Children's LiteratureMost immigrants were introduced to America at the complex Ellis Island Immigration Station. In the years between 1892 and the station's closing in 1954, the efficient center processed over 17 million newcomers. Following a variety of fictional characters, readers are led through the facility and experience the sights and sounds much as the immigrants did. Through the words and observations of immigrants Anna, Heidi, Thomas the grouper, Inspector Simpson, and Joseph the interpreter, readers share firsthand their apprehension, indignity, fear, frustration and joy. The well-documented, lively text is accompanied by fascinating sidebars, photographs and diagrams. An afterward explains how Ellis Island fell into disrepair and the efforts of many to create a museum as a legacy to all who passed through its portals. 2001, Lerner Publications, $25.26. Ages 8 to 12. Reviewer: Beverley Fahey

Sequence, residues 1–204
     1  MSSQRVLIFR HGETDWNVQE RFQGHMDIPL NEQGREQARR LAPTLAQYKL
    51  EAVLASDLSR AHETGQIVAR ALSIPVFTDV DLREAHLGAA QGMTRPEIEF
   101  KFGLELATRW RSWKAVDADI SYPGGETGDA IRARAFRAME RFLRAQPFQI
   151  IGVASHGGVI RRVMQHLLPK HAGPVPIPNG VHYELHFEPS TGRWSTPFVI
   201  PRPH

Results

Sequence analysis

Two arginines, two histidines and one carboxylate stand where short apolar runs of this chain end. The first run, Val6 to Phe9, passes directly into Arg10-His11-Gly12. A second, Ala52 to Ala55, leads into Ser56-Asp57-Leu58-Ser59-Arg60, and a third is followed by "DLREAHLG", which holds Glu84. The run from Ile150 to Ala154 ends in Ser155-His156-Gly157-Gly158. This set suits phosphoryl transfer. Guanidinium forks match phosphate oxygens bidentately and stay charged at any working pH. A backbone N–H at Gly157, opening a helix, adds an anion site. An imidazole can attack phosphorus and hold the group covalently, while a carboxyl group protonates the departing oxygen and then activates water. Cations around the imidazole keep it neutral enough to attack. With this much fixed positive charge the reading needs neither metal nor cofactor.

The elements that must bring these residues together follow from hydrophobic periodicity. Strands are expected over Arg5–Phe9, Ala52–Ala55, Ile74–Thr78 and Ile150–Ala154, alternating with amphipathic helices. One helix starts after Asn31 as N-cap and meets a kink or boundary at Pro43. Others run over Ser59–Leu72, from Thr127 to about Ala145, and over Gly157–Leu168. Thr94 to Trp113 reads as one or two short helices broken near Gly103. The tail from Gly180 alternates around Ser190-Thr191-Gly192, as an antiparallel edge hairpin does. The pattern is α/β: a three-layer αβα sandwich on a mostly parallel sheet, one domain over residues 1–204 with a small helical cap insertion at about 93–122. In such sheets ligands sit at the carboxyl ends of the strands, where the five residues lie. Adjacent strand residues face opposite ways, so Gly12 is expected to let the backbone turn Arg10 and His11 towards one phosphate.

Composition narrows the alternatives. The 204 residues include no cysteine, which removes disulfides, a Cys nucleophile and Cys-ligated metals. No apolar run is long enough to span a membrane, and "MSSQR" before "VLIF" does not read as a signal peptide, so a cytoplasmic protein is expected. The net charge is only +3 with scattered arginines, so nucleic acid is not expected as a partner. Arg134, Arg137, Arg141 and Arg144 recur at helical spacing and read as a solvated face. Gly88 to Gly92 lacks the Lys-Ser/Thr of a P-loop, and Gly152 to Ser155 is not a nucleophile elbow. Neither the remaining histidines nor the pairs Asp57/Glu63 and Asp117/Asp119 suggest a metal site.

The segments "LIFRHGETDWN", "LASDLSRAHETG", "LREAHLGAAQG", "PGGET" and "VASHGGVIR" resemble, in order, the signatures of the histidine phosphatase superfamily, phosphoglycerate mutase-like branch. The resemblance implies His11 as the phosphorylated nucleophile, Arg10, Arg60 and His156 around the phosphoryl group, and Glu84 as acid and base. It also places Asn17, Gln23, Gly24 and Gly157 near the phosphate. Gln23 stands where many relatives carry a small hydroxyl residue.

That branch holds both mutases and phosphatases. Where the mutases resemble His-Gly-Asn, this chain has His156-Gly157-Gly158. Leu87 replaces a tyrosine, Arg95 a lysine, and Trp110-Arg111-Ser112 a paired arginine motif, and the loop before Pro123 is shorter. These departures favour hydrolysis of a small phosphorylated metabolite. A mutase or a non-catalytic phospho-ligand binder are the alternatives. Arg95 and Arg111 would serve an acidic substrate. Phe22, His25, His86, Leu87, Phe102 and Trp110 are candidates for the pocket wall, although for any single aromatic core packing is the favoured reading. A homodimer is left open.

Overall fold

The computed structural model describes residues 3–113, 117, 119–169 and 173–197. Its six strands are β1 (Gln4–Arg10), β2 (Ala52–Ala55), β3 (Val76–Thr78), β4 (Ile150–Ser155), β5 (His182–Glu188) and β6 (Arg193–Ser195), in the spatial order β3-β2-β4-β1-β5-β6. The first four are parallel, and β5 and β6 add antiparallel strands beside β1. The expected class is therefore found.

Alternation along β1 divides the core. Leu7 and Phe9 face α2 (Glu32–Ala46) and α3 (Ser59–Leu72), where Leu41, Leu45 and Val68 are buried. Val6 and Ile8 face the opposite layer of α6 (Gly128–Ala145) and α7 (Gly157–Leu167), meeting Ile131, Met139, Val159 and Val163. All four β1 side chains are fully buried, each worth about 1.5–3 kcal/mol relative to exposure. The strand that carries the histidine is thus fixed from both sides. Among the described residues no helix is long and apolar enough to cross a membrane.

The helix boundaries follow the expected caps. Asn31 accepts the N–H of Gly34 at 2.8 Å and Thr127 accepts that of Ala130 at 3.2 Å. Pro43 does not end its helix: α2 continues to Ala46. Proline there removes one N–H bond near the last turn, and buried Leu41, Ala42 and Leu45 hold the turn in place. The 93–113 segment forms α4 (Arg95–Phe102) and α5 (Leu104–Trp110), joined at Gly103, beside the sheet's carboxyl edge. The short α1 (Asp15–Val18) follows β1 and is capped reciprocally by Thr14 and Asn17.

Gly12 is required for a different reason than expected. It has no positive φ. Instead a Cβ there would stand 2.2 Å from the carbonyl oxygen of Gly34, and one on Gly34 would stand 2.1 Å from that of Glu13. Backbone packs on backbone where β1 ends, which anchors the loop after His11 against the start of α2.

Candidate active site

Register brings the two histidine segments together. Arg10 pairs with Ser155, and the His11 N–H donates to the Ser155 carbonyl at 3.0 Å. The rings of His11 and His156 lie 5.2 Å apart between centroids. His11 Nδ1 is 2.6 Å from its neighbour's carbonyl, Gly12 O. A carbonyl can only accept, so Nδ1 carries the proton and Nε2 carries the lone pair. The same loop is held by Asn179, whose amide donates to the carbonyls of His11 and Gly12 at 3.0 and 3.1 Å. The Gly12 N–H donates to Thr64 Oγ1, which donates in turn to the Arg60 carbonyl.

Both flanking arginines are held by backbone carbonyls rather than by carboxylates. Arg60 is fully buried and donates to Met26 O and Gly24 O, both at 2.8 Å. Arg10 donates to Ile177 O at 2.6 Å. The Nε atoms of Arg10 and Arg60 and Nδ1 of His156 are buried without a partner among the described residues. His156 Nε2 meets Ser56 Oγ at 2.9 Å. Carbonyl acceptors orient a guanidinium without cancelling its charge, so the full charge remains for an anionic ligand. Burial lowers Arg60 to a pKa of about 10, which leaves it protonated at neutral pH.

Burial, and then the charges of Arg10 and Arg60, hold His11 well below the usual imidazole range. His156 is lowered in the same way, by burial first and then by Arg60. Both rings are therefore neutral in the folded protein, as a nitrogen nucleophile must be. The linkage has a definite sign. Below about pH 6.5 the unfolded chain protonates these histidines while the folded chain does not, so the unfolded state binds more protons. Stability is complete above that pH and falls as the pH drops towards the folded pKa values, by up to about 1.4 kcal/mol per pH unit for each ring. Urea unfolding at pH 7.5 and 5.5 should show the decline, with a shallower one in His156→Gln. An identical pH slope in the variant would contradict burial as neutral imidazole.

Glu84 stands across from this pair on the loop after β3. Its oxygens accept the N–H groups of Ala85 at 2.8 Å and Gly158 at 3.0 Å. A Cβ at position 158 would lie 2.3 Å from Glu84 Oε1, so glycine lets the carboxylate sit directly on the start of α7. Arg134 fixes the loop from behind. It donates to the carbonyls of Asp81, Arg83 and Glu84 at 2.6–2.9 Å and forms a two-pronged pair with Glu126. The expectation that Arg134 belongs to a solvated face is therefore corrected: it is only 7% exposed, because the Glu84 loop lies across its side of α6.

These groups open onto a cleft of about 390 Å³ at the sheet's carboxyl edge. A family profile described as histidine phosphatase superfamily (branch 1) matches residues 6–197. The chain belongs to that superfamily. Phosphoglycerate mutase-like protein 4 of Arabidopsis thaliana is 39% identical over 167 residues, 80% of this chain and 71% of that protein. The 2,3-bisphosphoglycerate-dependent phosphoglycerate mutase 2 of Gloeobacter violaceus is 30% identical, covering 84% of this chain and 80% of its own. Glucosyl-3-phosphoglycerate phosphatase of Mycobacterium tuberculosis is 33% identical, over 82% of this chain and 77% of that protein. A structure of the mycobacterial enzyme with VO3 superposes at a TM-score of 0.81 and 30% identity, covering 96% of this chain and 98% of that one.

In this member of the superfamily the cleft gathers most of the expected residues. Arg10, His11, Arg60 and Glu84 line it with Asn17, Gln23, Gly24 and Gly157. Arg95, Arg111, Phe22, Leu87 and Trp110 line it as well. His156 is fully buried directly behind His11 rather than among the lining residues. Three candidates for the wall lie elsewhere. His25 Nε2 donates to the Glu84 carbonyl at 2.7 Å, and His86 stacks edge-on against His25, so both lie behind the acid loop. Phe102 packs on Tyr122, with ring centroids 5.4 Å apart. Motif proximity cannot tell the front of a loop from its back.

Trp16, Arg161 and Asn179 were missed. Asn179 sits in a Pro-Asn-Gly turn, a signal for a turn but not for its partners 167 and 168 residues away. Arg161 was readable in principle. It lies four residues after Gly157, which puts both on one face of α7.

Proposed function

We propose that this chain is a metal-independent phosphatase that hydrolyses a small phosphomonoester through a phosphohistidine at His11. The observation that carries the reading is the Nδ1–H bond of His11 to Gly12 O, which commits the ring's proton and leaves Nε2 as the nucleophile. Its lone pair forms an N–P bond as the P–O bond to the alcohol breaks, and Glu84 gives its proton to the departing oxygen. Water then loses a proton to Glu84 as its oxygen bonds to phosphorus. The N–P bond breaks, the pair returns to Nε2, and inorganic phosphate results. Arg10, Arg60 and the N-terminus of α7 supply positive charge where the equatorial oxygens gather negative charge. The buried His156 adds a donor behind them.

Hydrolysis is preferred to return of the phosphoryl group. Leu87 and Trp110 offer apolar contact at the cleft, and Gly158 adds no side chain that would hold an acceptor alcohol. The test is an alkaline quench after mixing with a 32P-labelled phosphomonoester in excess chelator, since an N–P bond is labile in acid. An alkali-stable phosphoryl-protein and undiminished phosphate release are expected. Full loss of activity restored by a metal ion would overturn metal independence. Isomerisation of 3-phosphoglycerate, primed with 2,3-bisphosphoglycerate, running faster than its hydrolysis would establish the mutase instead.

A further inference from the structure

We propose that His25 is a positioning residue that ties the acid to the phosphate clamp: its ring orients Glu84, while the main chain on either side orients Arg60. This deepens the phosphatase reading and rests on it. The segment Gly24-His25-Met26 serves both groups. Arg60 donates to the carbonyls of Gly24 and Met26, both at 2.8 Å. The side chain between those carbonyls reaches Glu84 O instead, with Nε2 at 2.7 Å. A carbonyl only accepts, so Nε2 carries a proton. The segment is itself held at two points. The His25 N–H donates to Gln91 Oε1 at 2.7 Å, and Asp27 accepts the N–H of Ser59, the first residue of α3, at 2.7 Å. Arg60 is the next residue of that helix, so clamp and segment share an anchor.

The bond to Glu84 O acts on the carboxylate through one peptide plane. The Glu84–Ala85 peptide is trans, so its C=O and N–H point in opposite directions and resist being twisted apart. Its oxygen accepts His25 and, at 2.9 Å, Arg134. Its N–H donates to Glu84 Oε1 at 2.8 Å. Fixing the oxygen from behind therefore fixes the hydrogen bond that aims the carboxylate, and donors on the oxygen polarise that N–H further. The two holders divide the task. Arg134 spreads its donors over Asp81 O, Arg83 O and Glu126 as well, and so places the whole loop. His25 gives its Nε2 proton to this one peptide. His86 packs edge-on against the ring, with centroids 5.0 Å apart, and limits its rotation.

School Library Journal - School Library JournalGr 4-8-These series titles purport to bring historic sites to life, but tread a fine line between fact and fiction. Each book begins with the background of the particular site, and then introduces people who were or might have been associated with it. A concluding chapter brings the site up to its present restoration. Jane Addams is the first occupant of Hull-House readers meet, followed by two children who belong to clubs there; a worker who comes to hear about women's rights; and Florence Kelley, Alice Hamilton, and Julia Lathrop, who worked alongside Addams. The characters on Ellis Island include a young Russian immigrant, an immigration service worker, an inspector, a young translator, and a family leaving there to live in the United States. The time on Old Ironsides occurs during the War of 1812, and readers encounter a sailor, a former passenger, the ship's doctor, and a boy who carries gunpowder around the ship. Unfortunately, none of these characters comes to life as an engaging person, whether actual or fictional. The authors write in a dry, slightly condescending tone. The main value of these volumes will be in sparking interest that leads to further reading of either historical fiction with these settings or solid nonfiction and biographies. The books are lavishly illustrated with photographs and drawings.-Joyce Adams Burner, Hillcrest Library, Prairie Village, KS Copyright 2001 Cahners Business Information.
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